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First of all, I would like to let you know that I am new to Linux. I did my search, but I don't really know what is it that I am looking for.

What I need is to make a simple program, that executes different commands one after another in terminal, because I don't want to run them by hand every time I need it. How do I make it? And how do I run it, because I suppose I can't just double click, or can I?

Thanks for help!

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closed as not a real question by Frédéric Hamidi, casperOne Jul 17 '12 at 14:57

It's difficult to tell what is being asked here. This question is ambiguous, vague, incomplete, overly broad, or rhetorical and cannot be reasonably answered in its current form. For help clarifying this question so that it can be reopened, visit the help center.If this question can be reworded to fit the rules in the help center, please edit the question.

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Please do your research again with Linux shell script. –  Frédéric Hamidi Jul 16 '12 at 22:25
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This question helped me... sometimes you're so new to a subject you have a hard time putting things into a question. –  Marcel Lamothe Sep 25 '13 at 0:44

3 Answers 3

The simple program you are referring to is usually called a "shell script". Essentially, you just collect a number of commands you want in a file, and execute them. You can also have some sort of flow control (loops, if-else statements etc) for more complex scripts.

To build a simple bash shell script, let's call it myscript.sh, follow these steps:

At the first line of the "myscript.sh" source file put (see Note below)

#!/bin/bash

then your commands, for instance for demonstration purposes

echo "hello, I'm coming from the script file"
ls -l

Save the file.

To make this file "executable" type

$ chmod +x myscript.sh

and then you should be able to run this file from the command line with

$ ./myscript.sh

You'd see the output of the echo command "hello, I'm coming from the script file", followed by a directory listing in long format.

Here are links for a bash tutorial and a Bash Guide for Beginners.

Finally, sometimes you can just string a couple of commands together using aliases, though most people just "alias" shorter versions of common commands creating abbreviations for commands.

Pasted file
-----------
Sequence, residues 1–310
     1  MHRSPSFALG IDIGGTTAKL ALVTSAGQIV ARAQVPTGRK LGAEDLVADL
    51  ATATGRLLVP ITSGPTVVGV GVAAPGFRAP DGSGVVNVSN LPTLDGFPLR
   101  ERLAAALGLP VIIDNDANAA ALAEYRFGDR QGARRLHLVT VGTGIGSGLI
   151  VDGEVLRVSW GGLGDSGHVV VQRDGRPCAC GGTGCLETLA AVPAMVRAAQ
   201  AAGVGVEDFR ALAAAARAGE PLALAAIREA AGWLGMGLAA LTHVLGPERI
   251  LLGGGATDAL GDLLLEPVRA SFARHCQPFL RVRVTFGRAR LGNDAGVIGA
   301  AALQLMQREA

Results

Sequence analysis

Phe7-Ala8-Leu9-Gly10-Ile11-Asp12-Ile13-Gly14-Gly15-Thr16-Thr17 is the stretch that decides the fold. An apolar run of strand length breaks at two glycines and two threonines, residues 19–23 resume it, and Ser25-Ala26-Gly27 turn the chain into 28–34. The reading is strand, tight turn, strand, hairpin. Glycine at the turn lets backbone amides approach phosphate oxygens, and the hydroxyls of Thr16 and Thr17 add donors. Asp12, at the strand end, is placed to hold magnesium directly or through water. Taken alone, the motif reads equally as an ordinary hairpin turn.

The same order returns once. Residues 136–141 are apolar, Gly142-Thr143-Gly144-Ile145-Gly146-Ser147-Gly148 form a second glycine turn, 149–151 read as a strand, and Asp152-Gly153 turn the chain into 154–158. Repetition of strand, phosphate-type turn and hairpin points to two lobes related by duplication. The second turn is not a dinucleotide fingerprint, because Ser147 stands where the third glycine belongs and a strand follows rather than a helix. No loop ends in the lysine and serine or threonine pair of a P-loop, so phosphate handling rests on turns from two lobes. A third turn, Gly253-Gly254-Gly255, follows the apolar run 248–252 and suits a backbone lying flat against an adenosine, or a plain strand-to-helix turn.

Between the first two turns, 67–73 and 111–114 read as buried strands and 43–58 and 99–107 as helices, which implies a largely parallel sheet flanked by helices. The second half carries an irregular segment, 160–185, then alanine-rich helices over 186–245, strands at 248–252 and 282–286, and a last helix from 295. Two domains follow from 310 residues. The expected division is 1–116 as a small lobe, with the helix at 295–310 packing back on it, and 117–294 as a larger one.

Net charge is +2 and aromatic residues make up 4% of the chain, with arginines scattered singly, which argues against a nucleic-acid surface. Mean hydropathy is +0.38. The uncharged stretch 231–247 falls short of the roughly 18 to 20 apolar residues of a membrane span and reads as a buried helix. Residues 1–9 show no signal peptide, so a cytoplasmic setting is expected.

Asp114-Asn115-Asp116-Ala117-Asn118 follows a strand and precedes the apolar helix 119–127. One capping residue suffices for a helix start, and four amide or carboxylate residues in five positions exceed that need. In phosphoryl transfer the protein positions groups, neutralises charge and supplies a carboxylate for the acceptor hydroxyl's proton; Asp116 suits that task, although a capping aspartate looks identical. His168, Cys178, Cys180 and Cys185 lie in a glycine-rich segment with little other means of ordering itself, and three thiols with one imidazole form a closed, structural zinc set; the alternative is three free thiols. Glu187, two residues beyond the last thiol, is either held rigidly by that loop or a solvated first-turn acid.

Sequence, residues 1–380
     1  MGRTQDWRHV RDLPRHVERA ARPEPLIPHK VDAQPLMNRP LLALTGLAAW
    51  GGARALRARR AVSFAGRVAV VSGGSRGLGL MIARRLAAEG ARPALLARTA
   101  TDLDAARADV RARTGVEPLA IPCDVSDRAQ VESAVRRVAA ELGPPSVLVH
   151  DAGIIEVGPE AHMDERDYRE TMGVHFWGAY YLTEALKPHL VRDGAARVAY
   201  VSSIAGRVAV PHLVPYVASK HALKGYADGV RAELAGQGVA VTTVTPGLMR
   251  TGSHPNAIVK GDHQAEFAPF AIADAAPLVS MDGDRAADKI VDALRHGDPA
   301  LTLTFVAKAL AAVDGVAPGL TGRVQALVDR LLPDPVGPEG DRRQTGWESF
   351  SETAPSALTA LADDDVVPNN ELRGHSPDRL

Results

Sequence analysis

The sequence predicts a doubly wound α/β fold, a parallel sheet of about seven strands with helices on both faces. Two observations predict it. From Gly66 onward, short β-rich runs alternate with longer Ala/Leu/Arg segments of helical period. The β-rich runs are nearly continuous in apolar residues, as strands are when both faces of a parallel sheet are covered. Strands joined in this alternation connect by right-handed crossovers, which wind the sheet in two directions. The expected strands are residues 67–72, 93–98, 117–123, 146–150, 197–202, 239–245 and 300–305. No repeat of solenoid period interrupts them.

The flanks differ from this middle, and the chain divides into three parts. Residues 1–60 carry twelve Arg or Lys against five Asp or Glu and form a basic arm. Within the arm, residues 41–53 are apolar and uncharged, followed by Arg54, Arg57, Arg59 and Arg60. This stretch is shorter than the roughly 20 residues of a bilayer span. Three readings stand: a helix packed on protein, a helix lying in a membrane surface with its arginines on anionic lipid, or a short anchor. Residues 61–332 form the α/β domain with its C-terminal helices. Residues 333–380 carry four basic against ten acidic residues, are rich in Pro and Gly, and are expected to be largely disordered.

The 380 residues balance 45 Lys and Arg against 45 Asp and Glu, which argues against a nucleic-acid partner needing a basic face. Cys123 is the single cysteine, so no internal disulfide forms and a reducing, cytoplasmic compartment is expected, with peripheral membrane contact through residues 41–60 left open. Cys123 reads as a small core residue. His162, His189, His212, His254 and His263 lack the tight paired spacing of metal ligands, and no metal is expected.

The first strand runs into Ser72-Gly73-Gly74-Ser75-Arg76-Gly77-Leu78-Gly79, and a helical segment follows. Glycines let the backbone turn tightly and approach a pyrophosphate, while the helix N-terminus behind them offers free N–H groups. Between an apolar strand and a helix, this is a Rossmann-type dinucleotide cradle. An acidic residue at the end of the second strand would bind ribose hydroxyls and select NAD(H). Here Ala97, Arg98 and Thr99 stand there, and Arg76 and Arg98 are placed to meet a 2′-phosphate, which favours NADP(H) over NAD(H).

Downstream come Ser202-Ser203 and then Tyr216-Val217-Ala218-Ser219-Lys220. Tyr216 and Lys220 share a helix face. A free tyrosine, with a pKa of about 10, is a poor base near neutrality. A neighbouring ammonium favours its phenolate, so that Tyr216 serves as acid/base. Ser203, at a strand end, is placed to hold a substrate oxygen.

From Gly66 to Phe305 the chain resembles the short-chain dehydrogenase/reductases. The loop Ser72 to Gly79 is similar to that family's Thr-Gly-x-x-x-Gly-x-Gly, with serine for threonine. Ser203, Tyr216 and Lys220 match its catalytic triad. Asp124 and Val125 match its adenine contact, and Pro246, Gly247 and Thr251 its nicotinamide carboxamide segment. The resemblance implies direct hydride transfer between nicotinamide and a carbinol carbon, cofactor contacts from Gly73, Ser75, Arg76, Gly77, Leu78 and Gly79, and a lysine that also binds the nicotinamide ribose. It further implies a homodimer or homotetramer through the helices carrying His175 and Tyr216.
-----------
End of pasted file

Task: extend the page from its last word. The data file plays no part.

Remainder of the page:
Note re location of bash:

To find out where your bash shell is you can always type which bash, it will return a path/directory, so put that at the top if it's different. For instance if it says /usr/bin/bash you'd put #!/usr/bin/bashthat in place of #!/bin/bash as the first line of your script.

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Thank you! I already found few interesting topic. –  Teodors Jul 16 '12 at 22:45
    
"Is usually called a shell script". Script is a little broad. –  Linuxios Jul 16 '12 at 23:12
    
@Linuxios You are right, that's more specific to what OP was asking about, I'll adjust the wording. Thanks for the constructive feedback. –  Levon Jul 16 '12 at 23:13
    
@Levon: Sure. The only reason I'm being so picky is that without "shell" it might be interpreted as Perl, Ruby, Python, JS, etc. –  Linuxios Jul 17 '12 at 2:45

What you are looking for is a script. The most common type are written in bash. A nice alternative is to write them in python.

Have a look for bash scripting examples to get you started, or look into http://www.diveintopython.net/ to start with Python

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Thanks! I just didn't knew what to search for. I will look into it. –  Teodors Jul 16 '12 at 22:36

try writing a shell script:

#!/bin/bash

command1
command2 | grep 'something' | pager
foo | perl -ne 'print'

Save is as something.sh.

Mark it as executable with chmod +x something.sh.

Then cd to the directory where it resides and run ./something.sh.

Whether you can double-click start your script it depends on your configuration, but as most scripts create text output this doesn't often make sense. Use .desktop files to create shortcuts to a single (!) command (or whatever filetype your Desktop Environment (gnome/kde/xfce) perfers).

If your needs go beyond some simple bash, take a look at scripting languages like the object-oriented Python or the classic *nix administration language Perl.

View @Levon's post for further details.

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